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Jerry Leger Reveals the Secrets Behind His Latest Album ‘Time Out For Tomorrow’

Time Out For Tomorrow is Toronto singer/songwriter Jerry Leger’s latest collection, and continues a run of consistently high output that began in 2005 when he burst onto the roots music scene at age 19. Since then, he has earned the praise of peers such as Ron Sexsmith, Doug Paisley and Jim Cuddy, and it’s added up to a body of work that was recently celebrated with the European-only compilation Too Broke To Die, aimed at Leger’s growing fan base in Britain and the EU.

Most of those listeners didn’t discover Leger until his 2014 album Early Riser, his first with Michael Timmins of Cowboy Junkies handling production duties, as well as the first to be released on the Junkies’ label, Latent Recordings. The combination of Timmins’ capture-the-moment production aesthetic and the Rolling Thunder-esque chemistry of Leger’s longtime band The Situation (plus a few special guests) now appears unbeatable. And although Time Out For Tomorrow may not be as expansive as Leger’s previous Timmins-produced effort, the acclaimed 2017 double album Nonsense And Heartache, its more concentrated dose of everything Leger does best is just as potent.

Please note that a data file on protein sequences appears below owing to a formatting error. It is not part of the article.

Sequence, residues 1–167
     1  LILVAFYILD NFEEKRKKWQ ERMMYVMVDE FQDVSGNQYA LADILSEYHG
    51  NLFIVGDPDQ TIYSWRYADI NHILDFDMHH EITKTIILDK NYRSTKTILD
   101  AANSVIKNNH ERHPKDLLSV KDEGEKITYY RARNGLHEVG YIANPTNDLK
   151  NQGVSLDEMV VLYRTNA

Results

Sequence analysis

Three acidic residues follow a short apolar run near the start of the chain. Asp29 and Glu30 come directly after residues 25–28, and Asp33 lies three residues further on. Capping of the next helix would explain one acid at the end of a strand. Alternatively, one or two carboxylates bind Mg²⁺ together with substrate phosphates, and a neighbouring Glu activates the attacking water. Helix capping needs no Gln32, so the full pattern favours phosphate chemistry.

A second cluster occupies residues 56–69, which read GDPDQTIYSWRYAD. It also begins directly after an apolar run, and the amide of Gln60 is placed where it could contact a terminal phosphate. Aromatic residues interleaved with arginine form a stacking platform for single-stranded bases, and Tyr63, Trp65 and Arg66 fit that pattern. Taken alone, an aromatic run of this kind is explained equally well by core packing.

As Leger prepared for Time Out For Tomorrow’s release on November 8, and the Toronto launch show at Lee’s Palace on November 28 (info and tickets here), he took some time to further illuminate each song on the new album, adding that he got the title from a 1960s science fiction paperback. He explains, “Everything around me seems like science fiction these days, and the phrase ‘Time Out For Tomorrow’ fit these songs and my mood in one way or another.”